The code that Listing 1 shows declares constants defining which classSchema and attributeSchema objects I want to deactivate. The script then uses some basic Active Directory Service Interfaces (ADSI) operations to perform the deactivation. Listing 2 shows the code that retrieves the schema path. Listing 3 shows the code that removes the classSchema auxiliary class from the structural user class's auxiliaryClass attribute. Listing 4 shows the code that removes the attributeSchema object from the classSchema auxiliary class's mayContain attribute. Note that this step isn't mandatory in the example: I could simply deactivate the classSchema auxiliary class without removing the attributeSchema object from the classSchema object. However, I've split these two schema objects to demonstrate the process you'd need to follow if you wanted to deactivate the attribute but continue to use the auxiliary class (perhaps for another set of attributes). Therefore, you can deactivate a classSchema object that contains active attributeSchema objects, but you can't deactivate an attributeSchema object that's part of an active classSchema object. In such a situation, you'd need to remove the attributeSchema object from the auxiliary class.
Listing 5 shows the code that renames the classSchema auxiliary class to a unique name. This name consists of the current date and time in the strDateTime variable initialized at the beginning of Listing 5. The unique name is useful only if you recreate the schema extension and then deactivate that new extension. Although rare in production environments, this situation is common in development environments, in which you might want to test different versions of the same schema extension.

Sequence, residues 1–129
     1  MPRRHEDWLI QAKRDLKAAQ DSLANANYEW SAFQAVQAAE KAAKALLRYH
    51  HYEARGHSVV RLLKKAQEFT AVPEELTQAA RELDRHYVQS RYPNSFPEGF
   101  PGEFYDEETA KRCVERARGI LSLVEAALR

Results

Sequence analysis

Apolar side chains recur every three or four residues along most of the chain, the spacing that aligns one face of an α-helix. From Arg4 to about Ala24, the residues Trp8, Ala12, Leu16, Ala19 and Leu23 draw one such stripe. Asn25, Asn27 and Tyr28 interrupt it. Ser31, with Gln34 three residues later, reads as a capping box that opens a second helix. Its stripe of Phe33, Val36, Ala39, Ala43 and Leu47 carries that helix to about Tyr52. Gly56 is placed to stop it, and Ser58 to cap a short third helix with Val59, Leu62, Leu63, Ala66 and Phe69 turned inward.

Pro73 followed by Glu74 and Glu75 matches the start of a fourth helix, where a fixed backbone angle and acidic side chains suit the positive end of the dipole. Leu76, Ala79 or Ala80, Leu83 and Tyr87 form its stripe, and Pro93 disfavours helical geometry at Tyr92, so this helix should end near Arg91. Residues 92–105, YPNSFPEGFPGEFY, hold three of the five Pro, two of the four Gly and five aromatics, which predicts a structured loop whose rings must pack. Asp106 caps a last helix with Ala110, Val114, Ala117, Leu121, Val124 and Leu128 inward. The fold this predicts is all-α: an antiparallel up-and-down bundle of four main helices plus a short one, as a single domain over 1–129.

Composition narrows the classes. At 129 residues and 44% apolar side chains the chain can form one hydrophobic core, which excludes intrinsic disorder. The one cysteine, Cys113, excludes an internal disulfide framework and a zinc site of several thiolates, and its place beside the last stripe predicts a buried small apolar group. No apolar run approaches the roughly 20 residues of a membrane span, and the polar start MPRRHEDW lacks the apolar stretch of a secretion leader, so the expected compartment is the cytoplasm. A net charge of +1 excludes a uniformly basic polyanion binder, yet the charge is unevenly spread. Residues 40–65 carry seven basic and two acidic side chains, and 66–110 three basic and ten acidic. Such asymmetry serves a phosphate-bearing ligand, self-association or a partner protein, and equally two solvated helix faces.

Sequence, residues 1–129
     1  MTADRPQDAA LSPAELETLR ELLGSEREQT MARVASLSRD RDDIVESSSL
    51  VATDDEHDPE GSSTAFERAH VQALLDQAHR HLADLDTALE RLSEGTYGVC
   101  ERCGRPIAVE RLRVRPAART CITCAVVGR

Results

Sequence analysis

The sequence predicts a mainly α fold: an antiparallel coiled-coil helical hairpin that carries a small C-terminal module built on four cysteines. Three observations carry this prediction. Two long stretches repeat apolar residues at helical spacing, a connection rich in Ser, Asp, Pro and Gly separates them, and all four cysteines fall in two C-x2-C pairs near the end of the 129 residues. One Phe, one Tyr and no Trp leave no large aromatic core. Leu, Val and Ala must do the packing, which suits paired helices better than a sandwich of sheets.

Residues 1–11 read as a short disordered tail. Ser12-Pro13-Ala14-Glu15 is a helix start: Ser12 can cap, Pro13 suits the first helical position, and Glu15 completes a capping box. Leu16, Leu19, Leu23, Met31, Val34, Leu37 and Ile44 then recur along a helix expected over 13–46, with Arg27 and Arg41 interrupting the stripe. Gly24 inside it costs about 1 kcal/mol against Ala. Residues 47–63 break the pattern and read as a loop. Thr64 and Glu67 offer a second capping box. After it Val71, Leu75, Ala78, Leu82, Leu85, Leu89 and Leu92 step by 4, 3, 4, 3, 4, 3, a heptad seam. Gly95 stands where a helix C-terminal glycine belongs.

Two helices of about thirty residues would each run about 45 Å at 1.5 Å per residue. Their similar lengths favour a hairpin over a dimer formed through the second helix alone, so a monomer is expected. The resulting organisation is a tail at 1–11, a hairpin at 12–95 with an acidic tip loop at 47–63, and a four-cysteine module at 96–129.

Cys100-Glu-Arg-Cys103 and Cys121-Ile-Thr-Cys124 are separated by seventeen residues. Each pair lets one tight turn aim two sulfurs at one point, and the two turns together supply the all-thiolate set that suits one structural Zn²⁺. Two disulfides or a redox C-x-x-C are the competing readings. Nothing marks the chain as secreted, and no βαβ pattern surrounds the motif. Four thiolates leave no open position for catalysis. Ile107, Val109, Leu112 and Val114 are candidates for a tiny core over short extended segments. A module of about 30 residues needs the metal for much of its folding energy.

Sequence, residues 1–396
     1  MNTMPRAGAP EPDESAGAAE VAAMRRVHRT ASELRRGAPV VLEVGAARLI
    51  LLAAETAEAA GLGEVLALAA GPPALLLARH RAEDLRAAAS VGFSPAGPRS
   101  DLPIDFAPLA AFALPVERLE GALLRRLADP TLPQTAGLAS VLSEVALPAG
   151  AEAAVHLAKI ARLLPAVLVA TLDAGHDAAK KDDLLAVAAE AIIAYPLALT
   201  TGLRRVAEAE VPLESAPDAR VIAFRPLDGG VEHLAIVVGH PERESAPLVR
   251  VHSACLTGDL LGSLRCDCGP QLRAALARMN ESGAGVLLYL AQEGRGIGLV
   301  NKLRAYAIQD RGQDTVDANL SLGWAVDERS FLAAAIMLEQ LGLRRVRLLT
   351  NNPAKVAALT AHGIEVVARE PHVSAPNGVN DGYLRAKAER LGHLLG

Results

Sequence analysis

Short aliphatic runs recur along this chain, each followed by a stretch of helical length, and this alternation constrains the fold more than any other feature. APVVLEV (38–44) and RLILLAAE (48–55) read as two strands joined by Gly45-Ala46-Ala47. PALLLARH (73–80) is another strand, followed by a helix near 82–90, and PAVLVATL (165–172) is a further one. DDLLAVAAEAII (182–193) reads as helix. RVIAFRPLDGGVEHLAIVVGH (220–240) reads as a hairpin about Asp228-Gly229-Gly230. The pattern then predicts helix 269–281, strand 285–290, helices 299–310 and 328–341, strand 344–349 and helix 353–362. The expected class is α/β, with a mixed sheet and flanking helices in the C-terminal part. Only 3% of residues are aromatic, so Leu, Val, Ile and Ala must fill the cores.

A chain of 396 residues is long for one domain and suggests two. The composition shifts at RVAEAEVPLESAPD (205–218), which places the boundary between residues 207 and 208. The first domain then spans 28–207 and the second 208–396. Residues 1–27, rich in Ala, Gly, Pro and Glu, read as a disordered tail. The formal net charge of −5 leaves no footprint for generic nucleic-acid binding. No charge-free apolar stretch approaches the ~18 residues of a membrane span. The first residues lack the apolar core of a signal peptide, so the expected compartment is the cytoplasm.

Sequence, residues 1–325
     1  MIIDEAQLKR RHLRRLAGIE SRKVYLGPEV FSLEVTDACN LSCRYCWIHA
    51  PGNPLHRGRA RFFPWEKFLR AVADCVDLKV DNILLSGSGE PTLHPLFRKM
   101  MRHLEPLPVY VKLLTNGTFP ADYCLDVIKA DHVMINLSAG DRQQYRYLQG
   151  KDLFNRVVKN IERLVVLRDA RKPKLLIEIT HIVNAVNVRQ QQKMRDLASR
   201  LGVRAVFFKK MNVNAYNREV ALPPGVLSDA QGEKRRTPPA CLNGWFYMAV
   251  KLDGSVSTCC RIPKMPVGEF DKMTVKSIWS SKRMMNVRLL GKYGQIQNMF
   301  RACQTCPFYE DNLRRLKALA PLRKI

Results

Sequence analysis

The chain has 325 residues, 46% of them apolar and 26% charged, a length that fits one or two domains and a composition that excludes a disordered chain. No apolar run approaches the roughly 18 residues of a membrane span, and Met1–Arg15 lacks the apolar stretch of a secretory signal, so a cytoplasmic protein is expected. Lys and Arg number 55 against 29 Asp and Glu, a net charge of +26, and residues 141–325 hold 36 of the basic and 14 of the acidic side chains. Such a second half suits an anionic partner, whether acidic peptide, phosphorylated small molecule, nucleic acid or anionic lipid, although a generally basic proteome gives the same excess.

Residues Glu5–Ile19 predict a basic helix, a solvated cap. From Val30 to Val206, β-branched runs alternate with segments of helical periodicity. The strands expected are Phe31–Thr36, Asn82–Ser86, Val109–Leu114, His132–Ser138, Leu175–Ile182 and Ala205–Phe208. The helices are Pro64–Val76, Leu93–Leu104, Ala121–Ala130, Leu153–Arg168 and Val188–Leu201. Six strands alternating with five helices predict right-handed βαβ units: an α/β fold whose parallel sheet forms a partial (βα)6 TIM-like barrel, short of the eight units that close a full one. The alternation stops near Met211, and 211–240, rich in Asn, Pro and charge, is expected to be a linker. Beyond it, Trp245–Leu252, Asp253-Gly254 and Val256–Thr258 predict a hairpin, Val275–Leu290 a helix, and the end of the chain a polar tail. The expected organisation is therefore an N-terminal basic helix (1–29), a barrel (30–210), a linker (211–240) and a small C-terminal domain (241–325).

Listing 8 shows the code that renames the attributeSchema object to a unique name (made with the strDateTime variable). Listing 9 shows the code that deactivates the attributeSchema object. Listing 10 shows the code that updates the schema cache to make the changes effective. Note that the replication from the Schema FSMO DC to all other systems in the forest must still occur.
Ready to Deactivate
Windows Server 2003's forest functional level eliminates most of the restrictions that previously have applied to AD schema modifications. However, effectively removing classSchema and attributeSchema objects that you've added to the Schema NC is still tricky and unsupported. As with implementing a schema extension, deactivating a schema extension requires planning to be successful.